1000 Albums Project

ALBUM 266

F.L.M., by Mel & Kim
Suggested by Stuart Emerson

First, a quiz.

Can you tell me the most-played Mel & Kim song on Spotify? No peeking now!

Got your answer? Good.

You’re wrong.

The most played Mel & Kim song on Spotify is… Rockin’ Around The Christmas Tree, by Mel & Kim, a.k.a. Mel Smith and Kim Wilde. It seems there’s something a little squiffy with the naming system, which lumps these differing artistes in together.

I know, I know… I tricked you. It’s a true fact, but it leaves you feeling cheated, like when you learn that the actor who has grossed the most box office cash through his film appearances is Stan Lee, due to his many Marvel cameos.

As a metalhead formed in the mid-Eighties and early Nineties, the enemy had a name, and a sound. The enemy was a three headed beast, a corporate Cerberus barking out vapid album after vapid album from a stacked Lazy Susan of Pop. The enemy’s name? Say it loud, my metal brothers and sisters…

Stock.

Aitken.

Waterman.

The signature SAW sound was everywhere, for a subset of time. Their chart-topping acts included Kylie Minogue, Jason Donovan, Rick Astley, Pepsi & Shirley, Big Fun, Samantha Fox, Sonya, Cliff Richard, La Toya Jackson, and (of course) Mel and Kim.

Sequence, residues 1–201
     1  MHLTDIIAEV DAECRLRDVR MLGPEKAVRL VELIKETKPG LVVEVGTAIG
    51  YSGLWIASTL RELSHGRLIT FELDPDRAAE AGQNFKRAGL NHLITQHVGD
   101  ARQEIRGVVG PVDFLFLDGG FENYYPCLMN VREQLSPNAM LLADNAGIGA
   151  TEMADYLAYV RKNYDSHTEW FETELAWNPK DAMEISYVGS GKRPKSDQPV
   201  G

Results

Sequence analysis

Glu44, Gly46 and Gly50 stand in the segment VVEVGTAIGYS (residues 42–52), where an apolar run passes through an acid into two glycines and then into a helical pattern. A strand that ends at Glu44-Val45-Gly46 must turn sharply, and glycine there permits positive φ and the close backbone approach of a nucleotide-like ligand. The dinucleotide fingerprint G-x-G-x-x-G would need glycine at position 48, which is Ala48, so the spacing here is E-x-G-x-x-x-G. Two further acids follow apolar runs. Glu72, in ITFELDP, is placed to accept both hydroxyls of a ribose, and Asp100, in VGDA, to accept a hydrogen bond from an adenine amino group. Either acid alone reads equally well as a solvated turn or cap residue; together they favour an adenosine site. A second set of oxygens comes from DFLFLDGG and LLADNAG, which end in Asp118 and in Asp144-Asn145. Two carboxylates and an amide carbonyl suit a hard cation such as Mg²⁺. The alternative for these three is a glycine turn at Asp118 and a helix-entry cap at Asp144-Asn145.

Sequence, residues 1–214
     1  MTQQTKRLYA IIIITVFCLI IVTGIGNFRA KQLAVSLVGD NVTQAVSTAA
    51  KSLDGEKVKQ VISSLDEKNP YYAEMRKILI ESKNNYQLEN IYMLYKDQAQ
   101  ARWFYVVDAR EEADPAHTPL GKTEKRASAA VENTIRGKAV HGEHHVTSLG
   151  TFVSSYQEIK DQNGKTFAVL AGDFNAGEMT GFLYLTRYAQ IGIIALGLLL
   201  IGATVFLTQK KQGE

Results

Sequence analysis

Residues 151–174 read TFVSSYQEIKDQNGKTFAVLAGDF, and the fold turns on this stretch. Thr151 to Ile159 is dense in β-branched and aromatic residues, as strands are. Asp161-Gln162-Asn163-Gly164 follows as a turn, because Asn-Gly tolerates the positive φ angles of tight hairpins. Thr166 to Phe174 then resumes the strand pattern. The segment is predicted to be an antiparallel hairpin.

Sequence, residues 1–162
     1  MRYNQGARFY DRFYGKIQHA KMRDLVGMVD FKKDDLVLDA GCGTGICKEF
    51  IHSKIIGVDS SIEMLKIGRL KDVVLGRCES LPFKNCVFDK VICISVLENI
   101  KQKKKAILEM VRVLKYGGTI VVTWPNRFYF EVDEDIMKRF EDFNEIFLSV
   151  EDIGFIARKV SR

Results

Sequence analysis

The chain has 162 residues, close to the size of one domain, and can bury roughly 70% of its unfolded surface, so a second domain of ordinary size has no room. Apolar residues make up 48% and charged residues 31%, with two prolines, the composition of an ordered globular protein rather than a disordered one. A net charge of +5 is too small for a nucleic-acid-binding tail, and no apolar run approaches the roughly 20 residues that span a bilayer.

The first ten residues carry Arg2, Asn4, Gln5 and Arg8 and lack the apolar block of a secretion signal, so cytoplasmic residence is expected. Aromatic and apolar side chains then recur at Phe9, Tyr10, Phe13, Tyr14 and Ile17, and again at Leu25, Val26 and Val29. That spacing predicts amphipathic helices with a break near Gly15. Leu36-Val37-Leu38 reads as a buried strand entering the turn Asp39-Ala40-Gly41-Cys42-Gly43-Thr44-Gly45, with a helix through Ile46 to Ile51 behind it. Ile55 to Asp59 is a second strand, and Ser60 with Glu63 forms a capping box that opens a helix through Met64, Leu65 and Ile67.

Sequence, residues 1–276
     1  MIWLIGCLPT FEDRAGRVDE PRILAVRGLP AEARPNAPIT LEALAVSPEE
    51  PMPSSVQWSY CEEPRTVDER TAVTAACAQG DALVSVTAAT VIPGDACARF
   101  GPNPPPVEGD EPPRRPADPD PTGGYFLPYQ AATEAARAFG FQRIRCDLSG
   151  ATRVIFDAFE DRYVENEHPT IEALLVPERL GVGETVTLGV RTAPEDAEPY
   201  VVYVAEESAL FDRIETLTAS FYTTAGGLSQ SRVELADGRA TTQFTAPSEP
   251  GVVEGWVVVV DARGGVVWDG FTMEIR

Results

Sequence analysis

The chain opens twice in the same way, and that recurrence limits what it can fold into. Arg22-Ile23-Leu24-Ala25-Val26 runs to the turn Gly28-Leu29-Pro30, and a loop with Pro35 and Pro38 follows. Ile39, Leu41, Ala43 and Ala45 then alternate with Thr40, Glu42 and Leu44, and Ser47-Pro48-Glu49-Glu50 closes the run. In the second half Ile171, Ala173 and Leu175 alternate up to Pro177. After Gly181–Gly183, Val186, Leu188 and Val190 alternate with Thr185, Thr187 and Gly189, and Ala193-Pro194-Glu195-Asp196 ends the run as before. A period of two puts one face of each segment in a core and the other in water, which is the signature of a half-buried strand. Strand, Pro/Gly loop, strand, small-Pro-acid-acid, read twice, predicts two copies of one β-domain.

While these acts decimated the charts in the grand manufactured Simon Cowell style, what truly rankled with me was the music’s position in the social hierarchy. It was literally the Anti-Metal, the sound that your parents longed you’d absorb to break you out of the double-denim-and-backpatch-mullet trap. It was the “nice stuff” in the terrible sentence “why can’t you listen to nice stuff and not this awful racket?!” As a consequence, it’s never going to get anything but short shrift from me.

F.L.M is Mel and Kim’s single studio album, in a career tragically cut short by Mel’s death at age 23. It contains nine songs, three of which were bonafide top drawer SAW fare. The most famous is the iconic Respectable, which should take the crown as my standout song, but I’d actually rate it below both F.L.M and my actual favourite Showing Out (Get Fresh at the Weekend) with its party feel and exultant chorus. The rest of the album? Largely forgettable and formulaic, six highly honed and crafter pop numbers that are designed by committee and delivered with polish and sheen.

Aside from their album, Mel and Kim released three non-album singles, a remix album that also spawned a single, and three – three! – Best of Mel and Kim compilations. That’s a lot of highlights from such a tragically truncated career, but I guess I shouldn’t be churlish.

F.L.M. gets 4/10 from me, partly due to its corporate saccharine output, and partly through personal distaste for a sound that crystalised my sense of otherness at a wholly formative age.

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